Boldo (Peumus boldus) grows in Chile and Peru, and is now being cultivated in Brazil as well. The leaves are made into a tincture or infusion or made into tablets or capsules. It contains over a dozen alkaloids, one of which, boldine, is considered responsible for the physiological effects of boldo. One company also combines it with psyllium and other Amazon herbs in an intestinal cleansing formula.
Boldo is commonly used for digestive problems and elimination issues, as well as for liver and gallbladder support. The boldo leaf also contains a volatile oil which can be toxic. It is effective against parasites, but the oil itself should be used with caution. Boldo also displays antioxidant activities.
Health Benefits of Boldo
Many digestive problems such as gas and poor nutrient absorption, result from a lack of bile and digestive juices, which result in slow digestion. Boldo stimulates digestion by increasing secretion of bile and gastric juices, and is thus widely used for improving digestion.
Liver & Gallbladder Health
Boldo shows liver-protective activity, preventing liver damage from drugs and toxins, and detoxifying the liver. It also stimulates bile production in the liver and gallbladder, and can help with gallstones and gallbladder inflammation.
Boldo is active against parasites such as worms and has been used against malaria.
It is a diuretic and a urinary antiseptic. It may be useful for utrinary tract infections (UTIs) due to its antiseptic and anti-inflammatory actiivities.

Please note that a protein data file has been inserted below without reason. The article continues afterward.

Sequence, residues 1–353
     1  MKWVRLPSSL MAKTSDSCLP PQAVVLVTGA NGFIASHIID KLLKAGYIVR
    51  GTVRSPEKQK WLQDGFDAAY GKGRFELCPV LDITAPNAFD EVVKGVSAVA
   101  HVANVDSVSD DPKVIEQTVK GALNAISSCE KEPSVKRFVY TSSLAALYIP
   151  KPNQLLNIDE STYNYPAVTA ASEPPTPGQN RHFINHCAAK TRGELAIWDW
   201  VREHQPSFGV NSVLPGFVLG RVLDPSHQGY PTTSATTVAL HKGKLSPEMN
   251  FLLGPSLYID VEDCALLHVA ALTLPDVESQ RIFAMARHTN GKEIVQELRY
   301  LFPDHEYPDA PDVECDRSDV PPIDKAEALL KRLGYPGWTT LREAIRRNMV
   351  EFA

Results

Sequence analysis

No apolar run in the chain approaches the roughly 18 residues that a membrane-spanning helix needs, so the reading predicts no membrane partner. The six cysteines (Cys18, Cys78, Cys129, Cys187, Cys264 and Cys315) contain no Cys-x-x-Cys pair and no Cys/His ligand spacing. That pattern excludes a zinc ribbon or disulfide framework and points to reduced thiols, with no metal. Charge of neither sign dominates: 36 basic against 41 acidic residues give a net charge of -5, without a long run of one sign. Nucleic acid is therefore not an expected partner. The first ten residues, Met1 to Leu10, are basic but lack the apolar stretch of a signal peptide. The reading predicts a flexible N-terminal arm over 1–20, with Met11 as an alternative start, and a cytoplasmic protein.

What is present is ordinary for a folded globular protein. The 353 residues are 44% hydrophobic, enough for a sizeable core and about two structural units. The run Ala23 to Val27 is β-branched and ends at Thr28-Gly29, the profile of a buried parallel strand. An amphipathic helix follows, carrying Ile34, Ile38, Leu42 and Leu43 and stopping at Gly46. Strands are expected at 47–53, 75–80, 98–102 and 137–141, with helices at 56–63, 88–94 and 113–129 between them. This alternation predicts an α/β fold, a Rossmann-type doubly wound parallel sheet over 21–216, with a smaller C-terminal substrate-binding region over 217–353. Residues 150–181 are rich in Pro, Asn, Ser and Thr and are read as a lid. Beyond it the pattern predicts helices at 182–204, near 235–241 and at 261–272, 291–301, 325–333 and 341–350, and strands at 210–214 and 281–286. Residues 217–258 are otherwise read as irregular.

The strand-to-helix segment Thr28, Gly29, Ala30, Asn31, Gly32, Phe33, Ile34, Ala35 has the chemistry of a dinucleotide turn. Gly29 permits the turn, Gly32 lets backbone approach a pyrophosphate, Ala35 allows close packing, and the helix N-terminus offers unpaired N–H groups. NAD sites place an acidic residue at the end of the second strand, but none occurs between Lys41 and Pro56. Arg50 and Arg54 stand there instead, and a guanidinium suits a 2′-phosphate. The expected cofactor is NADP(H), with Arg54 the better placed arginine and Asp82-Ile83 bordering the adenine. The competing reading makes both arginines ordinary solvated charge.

It also shows beneficial effects for the cardiovascular system. It can inhibit platelet aggregation, increase coronary blood flow, reduce cardiac force and heart rate, and has a vasorelaxant effect.
Boldo should not be consumed regularly or in high dosages due to potential toxicity.
Distilled essential oil products of boldo should only be used externally, as it contains asaridole which is toxic to the liver.
It also has such a strong effect on the gallbladder that it may ultimatley cause a blockage in the bile ducts. Experts recommend comibing it with other herbs and using it in small amounts to prevent these problems.
Boldo is contraindicated during pregnancy and for women who are breast-feeding, as well as for anyone taking blood-thinning medication.
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Sources & Resources
The 5-Minute Herb and Dietary Supplement Consult, Adriane Fugh-Berman
The Green Pharmacy Herbal Handbook: Your Everyday Reference to the Best Herbs for Healing, James A. Duke
Amazon Herbs A-Z: Herbal Recipes & Remedies, V. Osalina Berman, M.H.
Medicinal Plants of the World: an Illustrated Scientific Guide to Important Medicinal Plants and Their Uses, Michael Wink